After all the positive feedback I got from Visualizing Bayes' theorem, I thought I’d post my explanation of the Monty Hall problem. I was fascinated for a while with this problem because at first it doesn’t seem to make any sense. And most of the explanations I’ve seen have a magic feel to them. I’ve even seen people with math backgrounds argue against the result.

I think the problem has to do with most of the explanations mixing two very different probability classes. But I’m getting ahead of myself.

The Problem

The problem statement (from Wikipedia) is:

Suppose you’re on a game show, and you’re given the choice of three doors: Behind one door is a car; behind the others, goats. You pick a door, say No. 1, and the host, who knows what’s behind the doors, opens another door, say No. 3, which has a goat. He then says to you, “Do you want to pick door No. 2?” Is it to your advantage to switch your choice? (Schrock 1990) [1]

If you are like most people, your gut feeling is going to be “it does not matter. There is a 50-50 chance that the car will be in the door I have already selected”. Like most people, you would be wrong.

In order to solve this problem, you need to consider two very distinct pieces of information. One is “what state is the world in?”, the other is “what events have occurred?”. Let me elaborate.

The States of the world

When I deal with probabilities and get confused, I revert to counting. What are all the possible outcomes? What subset of those outcomes am I looking at? So let’s look at all the posible states.

Suppose you’re on a game show, and you’re given the choice of three doors: Behind one door is a car; behind the others, goats.

Let’s translate that to a simple diagram. We have three doors, let’s label them \(A\), \(B\), and \(C\). We also know that there is a car behind one of the doors, it can be behind door \(A\), \(B\), or \(C\). So we have three possible configurations of the world:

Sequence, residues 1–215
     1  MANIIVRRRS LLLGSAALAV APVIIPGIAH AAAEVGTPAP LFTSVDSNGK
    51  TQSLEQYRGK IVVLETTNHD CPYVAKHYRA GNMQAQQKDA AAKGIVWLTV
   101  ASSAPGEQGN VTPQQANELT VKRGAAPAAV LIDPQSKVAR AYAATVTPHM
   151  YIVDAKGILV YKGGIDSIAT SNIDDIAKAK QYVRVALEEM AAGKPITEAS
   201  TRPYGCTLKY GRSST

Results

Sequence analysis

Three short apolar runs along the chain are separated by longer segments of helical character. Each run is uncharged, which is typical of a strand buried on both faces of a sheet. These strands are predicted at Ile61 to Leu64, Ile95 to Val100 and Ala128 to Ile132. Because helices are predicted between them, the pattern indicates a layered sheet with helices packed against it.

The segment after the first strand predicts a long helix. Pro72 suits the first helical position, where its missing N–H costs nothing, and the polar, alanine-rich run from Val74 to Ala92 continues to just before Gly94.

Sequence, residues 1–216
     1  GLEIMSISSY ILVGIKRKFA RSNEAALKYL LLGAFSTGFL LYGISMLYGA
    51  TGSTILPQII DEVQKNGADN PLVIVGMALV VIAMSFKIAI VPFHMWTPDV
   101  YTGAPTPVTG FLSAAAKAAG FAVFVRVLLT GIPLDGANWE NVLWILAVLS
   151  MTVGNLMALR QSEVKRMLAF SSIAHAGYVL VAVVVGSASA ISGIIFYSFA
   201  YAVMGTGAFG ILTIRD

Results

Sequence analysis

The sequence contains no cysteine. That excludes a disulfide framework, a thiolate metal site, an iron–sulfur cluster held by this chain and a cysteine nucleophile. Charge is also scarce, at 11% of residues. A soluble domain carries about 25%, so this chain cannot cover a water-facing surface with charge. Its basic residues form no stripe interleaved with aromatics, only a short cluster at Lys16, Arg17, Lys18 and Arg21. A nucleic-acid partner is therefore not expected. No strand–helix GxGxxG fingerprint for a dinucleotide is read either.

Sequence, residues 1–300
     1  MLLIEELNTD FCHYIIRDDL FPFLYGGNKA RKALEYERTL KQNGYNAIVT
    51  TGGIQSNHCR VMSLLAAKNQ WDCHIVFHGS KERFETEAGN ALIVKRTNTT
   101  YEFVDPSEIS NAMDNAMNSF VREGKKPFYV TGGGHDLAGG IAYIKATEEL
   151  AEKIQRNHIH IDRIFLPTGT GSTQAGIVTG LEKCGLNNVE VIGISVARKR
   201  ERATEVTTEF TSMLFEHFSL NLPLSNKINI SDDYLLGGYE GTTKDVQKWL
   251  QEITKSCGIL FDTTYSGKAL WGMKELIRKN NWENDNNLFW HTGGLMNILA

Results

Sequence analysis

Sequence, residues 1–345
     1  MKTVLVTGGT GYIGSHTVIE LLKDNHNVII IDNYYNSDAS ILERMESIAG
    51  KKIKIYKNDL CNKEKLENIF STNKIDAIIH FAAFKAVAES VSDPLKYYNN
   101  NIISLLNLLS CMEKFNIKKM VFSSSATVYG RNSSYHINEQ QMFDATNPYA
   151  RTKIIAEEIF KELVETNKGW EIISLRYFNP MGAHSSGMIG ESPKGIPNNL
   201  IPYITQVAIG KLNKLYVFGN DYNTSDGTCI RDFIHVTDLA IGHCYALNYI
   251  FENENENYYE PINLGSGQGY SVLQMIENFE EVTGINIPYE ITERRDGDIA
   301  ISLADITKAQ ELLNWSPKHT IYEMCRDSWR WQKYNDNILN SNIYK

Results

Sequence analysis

picture 22

The door with the car has been colored red. The possible states of the world are \(Sa\) (meaning the car is behind door \(A\)), \(Sb\) (car behind door \(B\)), and \(Sc\) (car behind door \(C\)).

Quick, what is the probability of the car being behind door \(A\)? Or to put it another way, what is the probability that the world is in state \(Sa\)? Note that these two questions are the same, but the latter reminds us of the possible states. It is easy then to see that

\[P(S_a) = \frac{1}{3} \\ P(S_b) = \frac{1}{3} \\ P(S_c) = \frac{1}{3} \\\]

Now I’m going to ask you a very different question. Assume that instead of playing, you are observing your friend play the game. What is the probability that he will pick door \(A\)? Did you say 1/3? Of course you did, there are three doors and he must pick one. However, and this is really important, these probabilities are completely independent of the probabilities above!

Think of it this way. If two doors had cars behind them instead of just one, would that change the number of states the world can be in? Would it change the probability of your friend choosing door \(A\)? What if all doors had cars? Now there is just a single state for the world, but your friend can still choose door \(A\) with 1/3 probability!

If we now say that \(A\) is the event of your friend opening door \(A\), we can easily see that

\[P(A) = \frac{1}{3} \\ P(B) = \frac{1}{3} \\ P(C) = \frac{1}{3} \\\]

which is just saying each door has an equal probability of being opened.

The trick to solving this problem is that you are dealing with two different classes of probabilities. One is the probability that the world is in a given state (a priori), the other is that a participant (you or Monty) chooses any given door. If you can keep these two classes of probabilities separate, you will be able to easily solve this problem.

Let’s see what happens once you have made the choice. Let’s assume you chose the door labeled \(A\).

What does Monty do?

Monty is, of course, the host of the game show. And he is trying to screw you. He doesn’t want you to get the car. He also happens to know where the car is, or in other words, he knows the state of the world. You on the other hand, are only guessing. You chose door \(A\) with probability 1/3, now he gets to choose a door. But there are only two doors left. He must choose either door \(B\) or door \(C\).

So how does Monty choose? What is the probability that Monty will open the door labeled \(B\)? Here’s what the world looks like to Monty:

picture 23

Door A has been chosen, he must choose between doors \(B\) and \(C\). Were he to choose randomly, each door would be equally probable,